When all is done, we’ll be able to lay out these modular pods to fit whatever space we’re showing in. Our setup for Maker Faire this year will consist of 12 pods that are arranged in something of a dome, like this (but one tier higher):

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Software: I mentioned the robots should be doing interesting things. Yes. Imagine, if each delta robot were a blade of grass in a field, and your movements were the wind… every hop, skip and wiggle you made would send ripples of complex rolling patterns through the field as a response. That’s the end goal, and very much Mark’s department.

The robots are networked with the DMX lighting protocol now. They also have a snazzy GUI which Mark designed in Netbeans to simulate and visualize the behavior of the field. We’re still deciding on what type of sensor will be responsible for capturing input.

The use of the Xbox Kinect last year, though it worked marvelously, became a nightmare from hell. It turned our field into an exhibit more than a curiosity and tied us to the booth explaining to thousands of people one by one how to control the flock… To avoid a similar situation… our setup this year will respond to the environment at large. For people walking up and observing, it won’t be immediately apparent whether or not the robots are reacting to them. This will fuel engagement and hopefully allow us more zen time to detach and enjoy the rest of the show.

Robo Wagon: Like Scooby Do, Robot Army is going to have its own touring transportation of sorts. It might not be an actual van… and probably not as cool as the picture- but in the next month we will figure out a more permanent method of packing and hauling our kinetic circus:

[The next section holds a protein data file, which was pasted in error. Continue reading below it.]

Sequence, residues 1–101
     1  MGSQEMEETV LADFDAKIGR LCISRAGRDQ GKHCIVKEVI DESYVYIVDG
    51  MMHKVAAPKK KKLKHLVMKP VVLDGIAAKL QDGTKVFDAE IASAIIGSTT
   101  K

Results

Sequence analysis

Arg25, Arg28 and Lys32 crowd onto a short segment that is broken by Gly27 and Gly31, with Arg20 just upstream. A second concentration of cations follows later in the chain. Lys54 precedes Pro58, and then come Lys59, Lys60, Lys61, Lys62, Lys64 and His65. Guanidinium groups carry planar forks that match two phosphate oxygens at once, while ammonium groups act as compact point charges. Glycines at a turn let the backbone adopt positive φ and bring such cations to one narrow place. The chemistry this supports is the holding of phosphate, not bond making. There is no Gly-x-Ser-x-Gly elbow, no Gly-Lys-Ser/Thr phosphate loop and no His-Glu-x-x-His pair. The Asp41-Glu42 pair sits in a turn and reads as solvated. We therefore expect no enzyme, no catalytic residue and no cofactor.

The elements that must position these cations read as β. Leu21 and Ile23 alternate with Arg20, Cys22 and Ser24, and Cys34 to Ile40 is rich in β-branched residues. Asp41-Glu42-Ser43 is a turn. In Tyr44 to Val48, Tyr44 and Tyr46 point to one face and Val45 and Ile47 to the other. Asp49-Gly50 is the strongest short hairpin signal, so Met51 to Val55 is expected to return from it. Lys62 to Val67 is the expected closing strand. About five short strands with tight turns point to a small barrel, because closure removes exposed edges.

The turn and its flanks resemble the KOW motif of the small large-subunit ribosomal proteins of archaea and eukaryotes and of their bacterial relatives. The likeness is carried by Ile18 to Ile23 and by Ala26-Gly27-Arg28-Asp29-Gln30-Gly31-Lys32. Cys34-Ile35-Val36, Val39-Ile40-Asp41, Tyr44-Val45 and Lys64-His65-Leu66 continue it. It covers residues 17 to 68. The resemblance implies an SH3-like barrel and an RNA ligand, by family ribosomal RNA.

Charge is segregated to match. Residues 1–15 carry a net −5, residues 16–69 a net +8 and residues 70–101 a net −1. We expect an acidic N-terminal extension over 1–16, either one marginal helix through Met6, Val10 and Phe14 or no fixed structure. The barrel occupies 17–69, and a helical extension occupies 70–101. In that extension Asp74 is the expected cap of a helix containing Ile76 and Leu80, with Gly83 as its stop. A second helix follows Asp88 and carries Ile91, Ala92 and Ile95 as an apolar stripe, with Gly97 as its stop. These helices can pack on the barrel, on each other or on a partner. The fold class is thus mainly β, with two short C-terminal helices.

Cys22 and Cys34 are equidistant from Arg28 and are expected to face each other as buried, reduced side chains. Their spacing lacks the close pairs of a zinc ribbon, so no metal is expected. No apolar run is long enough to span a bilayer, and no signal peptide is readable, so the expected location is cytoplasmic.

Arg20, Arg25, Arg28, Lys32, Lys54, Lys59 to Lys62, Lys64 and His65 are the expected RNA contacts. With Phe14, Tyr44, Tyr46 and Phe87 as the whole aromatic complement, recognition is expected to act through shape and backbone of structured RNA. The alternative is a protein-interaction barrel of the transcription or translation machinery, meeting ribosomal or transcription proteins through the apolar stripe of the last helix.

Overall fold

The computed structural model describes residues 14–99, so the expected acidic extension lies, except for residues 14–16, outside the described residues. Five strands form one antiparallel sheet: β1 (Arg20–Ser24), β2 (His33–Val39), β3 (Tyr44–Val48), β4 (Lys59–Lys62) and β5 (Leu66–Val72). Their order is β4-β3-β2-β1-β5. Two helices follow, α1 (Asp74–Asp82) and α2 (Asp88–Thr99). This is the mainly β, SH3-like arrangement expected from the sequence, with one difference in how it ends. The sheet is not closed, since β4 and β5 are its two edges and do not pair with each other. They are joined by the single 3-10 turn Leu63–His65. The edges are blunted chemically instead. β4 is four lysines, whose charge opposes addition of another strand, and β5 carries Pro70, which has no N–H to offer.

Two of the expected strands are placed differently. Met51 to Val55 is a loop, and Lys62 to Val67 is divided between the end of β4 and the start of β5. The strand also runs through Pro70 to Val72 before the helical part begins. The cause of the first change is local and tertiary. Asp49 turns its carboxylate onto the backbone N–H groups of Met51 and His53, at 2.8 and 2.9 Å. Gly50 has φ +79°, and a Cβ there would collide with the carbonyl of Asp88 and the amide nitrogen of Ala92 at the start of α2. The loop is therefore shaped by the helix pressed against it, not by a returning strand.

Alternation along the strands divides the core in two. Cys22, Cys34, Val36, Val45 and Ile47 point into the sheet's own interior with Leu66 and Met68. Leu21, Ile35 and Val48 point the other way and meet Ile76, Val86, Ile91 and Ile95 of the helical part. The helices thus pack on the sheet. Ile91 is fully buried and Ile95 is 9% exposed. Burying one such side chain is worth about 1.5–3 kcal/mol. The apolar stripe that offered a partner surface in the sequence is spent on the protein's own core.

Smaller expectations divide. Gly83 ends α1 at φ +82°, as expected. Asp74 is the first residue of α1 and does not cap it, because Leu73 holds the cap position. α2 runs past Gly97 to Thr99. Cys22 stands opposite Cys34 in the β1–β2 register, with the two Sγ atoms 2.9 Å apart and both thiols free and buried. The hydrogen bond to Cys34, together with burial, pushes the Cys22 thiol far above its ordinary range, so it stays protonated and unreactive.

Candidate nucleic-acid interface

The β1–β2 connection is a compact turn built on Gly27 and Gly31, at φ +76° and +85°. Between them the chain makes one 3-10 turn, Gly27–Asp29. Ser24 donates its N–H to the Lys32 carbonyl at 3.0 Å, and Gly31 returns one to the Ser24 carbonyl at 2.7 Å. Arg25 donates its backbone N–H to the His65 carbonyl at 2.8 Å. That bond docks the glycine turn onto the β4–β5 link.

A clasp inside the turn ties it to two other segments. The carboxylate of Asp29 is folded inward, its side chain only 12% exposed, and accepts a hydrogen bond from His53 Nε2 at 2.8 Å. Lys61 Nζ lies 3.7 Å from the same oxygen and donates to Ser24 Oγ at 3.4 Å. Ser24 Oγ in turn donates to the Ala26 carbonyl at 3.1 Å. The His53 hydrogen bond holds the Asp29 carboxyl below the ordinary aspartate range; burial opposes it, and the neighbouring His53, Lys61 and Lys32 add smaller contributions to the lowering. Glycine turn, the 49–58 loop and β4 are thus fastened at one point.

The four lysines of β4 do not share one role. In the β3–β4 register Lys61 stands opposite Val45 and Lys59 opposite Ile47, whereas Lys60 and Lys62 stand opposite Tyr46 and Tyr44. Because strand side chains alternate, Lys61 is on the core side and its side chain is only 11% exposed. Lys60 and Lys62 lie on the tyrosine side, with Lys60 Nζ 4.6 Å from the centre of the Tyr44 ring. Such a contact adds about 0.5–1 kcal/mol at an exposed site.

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With less that six weeks left, it’s crunchy again. I’ll find time to post updates when I can… but for now, back to soldering brains. ❤ Oh yeah, while we build the new homes, the deltas are getting acquainted with noodleFeet in the workroom. DAWWWW:

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Robot Army : Our First Rush

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There were some experiences involved with launching a Kickstarter that I had been heavily anticipating. The most obvious of which being the excitement that follows your first big rush of backers. – Sort of like Christmas, but in the form of a global affirmation that your ideas are liked, understood, and that there is a place in the world for people who dare to seize their dreams.

Though Mark and I were off to a respectable start… our momentum pittered out rather quickly and for a good day and a half we crawled through six or seven percent. It was agonizing. Maybe we were expecting too much. Since we haven’t yet been picked up by any major feeds, its been a matter of sitting in front of the laptop every morning and kindly reminding/begging people to post about our project and help us get the word out.

After blasting yet another batch of such emails to a whole bucket of contacts, I sprawled out on the couch and dozed off. It was a nap of acceptance and release. At some point, Mark walked into the living room and yelled at me for sleeping. He sat down next to me quietly and gave me a hug, feeling something similar- which I can’t really define. A moment later I picked up my phone and checked to see how long I had been out, to find that I had an endless list of push notifications informing us that we had new backers.